These are questions which Haught poses to those who wish to replace a theistic foundation for ethics with a non-transcendent one. But DA goes on to complain that "Haught should be well aware that no prominent atheist claims either of those things" Where exactly the claims are in the above questions I cannot quite see. But from his counter-assertion that "Sam Harris (whom he derides) states in his books that he believes morality is objective, while Richard Dawkins (whom he derides) has argued that 'we, alone on earth, can rebel against the tyranny of the selfish replicators.'", it seems that DA makes the mistake of equating 'non-transcendent' with 'non-objective' or 'non-rational'. Haught is well aware that there are atheist attempts to produce an objective morality based on "reason fused with compassion and conscience", as DA puts it. The question is whether any such attempt would actually succeed. At this point I would take DA to task for failing to do this, despite the links he points to in which he thinks he has 'argued' the case for an objective, non-transcendent morality. His observation that "I've said it many times before, but it can never be said often enough" is telling: atheists basically keep telling themselves over and over again that a non-transcendent morality is intellectually rigorous and practically efficacious. Of course they'd like to believe that that's possible; otherwise they'd have to admit that their life is really without meaning or fulfillment. The question is whether there are good arguments for the kind of ethical conservatism that Haught points to in the thought of the New Athesits, in the absence of a theistic meatphysic.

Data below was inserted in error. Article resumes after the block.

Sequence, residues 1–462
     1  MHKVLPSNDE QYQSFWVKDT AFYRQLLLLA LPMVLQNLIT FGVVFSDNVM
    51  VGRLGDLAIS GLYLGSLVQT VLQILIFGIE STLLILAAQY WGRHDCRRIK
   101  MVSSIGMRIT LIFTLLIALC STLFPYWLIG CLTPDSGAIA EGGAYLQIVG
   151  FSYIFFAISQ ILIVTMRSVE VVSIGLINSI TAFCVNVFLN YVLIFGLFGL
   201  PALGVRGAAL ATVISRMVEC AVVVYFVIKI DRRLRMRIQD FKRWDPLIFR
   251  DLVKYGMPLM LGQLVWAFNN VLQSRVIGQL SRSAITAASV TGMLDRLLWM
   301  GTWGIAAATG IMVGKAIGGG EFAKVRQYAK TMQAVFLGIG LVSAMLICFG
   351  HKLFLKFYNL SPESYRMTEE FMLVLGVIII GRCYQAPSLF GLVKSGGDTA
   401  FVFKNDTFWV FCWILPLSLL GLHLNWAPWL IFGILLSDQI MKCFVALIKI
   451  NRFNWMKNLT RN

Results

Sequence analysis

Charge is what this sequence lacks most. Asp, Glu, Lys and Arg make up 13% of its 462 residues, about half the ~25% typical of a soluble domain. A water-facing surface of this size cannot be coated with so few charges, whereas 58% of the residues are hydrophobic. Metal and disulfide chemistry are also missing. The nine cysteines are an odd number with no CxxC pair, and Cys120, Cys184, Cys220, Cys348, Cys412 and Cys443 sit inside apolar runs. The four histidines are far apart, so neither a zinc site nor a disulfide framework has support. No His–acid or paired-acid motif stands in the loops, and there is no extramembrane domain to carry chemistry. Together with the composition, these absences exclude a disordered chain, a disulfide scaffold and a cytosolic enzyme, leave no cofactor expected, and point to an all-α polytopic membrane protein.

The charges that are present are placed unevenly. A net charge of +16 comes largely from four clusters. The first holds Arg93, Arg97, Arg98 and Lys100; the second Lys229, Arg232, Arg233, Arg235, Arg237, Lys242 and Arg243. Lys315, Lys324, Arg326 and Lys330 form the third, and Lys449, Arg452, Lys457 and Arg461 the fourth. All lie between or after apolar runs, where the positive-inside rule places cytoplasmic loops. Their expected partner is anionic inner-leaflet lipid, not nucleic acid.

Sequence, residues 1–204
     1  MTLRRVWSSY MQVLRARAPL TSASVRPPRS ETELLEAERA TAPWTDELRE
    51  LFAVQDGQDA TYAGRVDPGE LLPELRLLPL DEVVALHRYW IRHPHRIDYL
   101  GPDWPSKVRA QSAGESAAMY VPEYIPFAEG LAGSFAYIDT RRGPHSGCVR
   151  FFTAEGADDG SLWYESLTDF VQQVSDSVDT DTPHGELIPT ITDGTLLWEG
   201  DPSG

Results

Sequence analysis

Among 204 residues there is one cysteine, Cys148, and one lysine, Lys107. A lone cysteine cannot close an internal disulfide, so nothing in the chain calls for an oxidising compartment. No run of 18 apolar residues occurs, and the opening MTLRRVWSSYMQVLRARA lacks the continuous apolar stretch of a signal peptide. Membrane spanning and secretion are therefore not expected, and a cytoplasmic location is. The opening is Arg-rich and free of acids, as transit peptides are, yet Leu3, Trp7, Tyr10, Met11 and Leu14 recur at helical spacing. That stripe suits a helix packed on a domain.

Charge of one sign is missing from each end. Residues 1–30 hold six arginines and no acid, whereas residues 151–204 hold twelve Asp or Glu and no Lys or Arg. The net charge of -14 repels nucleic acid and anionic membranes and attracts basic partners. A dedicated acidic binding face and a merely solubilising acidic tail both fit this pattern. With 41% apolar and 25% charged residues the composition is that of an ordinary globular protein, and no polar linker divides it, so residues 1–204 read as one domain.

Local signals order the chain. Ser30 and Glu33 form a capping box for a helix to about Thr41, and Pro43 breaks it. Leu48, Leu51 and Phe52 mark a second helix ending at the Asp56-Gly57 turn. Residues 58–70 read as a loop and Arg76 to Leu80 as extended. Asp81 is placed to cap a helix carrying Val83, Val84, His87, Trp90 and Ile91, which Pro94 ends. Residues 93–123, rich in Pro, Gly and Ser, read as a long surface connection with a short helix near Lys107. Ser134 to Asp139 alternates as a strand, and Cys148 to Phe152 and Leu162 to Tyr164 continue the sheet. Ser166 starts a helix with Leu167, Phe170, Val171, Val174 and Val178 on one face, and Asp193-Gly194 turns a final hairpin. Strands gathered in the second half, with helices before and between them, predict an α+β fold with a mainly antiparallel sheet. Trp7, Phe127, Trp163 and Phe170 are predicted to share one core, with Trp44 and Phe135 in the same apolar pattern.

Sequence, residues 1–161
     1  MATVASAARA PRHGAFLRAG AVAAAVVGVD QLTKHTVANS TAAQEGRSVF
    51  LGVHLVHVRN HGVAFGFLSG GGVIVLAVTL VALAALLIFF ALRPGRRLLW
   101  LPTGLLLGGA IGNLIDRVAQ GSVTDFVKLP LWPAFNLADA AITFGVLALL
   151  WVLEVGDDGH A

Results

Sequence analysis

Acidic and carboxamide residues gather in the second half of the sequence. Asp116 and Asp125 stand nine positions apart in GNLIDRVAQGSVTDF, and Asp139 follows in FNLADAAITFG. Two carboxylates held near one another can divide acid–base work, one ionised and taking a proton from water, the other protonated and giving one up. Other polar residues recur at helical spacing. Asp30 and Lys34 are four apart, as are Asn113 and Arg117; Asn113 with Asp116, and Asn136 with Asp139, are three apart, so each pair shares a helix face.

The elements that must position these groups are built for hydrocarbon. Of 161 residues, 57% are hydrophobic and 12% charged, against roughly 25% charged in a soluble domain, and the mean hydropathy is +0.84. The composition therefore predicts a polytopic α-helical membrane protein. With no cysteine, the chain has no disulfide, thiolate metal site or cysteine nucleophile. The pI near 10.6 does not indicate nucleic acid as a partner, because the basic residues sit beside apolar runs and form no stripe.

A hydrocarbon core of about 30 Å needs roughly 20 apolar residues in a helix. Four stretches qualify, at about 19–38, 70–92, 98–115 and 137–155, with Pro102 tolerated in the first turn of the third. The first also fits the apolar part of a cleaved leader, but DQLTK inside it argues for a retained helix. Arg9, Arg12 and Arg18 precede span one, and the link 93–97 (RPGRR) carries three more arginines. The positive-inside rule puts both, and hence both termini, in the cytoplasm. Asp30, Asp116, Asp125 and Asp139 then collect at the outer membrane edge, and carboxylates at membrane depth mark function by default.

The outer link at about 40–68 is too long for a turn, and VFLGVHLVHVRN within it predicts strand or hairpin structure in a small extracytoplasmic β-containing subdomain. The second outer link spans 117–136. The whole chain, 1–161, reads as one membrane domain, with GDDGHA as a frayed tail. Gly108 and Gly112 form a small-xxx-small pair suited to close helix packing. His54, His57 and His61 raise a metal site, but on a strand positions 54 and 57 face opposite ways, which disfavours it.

My verdict so far: Camus and Sartre are the original, daring, honest thinkers, and Dawkins, Harris and DA live in a land of wishful thinking. I'm not going to argue that point here, but neither does DA, as evidenced in his vague appeal to using our "rational natures to determine what would be best for us, independent of what does or does not happen in the natural world." Um, sorry, but in a naturalistic view of the world our 'rational natures' are just as much a part of what 'happens in the natural world' as anything else, that, well, happens in the natural world. Dawkins poetic assertion that we can 'triumph over the tyranny of our selfish replicators' is inconsistent with the rest of his argument, which is that the selfish replicators are eerily efficient at doing their job. What if this idea of rebelling against our selfish genes is just a good trick that those same selfish genes use to keep us propagating themselves? This is the version of the Euphythro dilemma that naturalists face, and DA does not seem to be aware of it.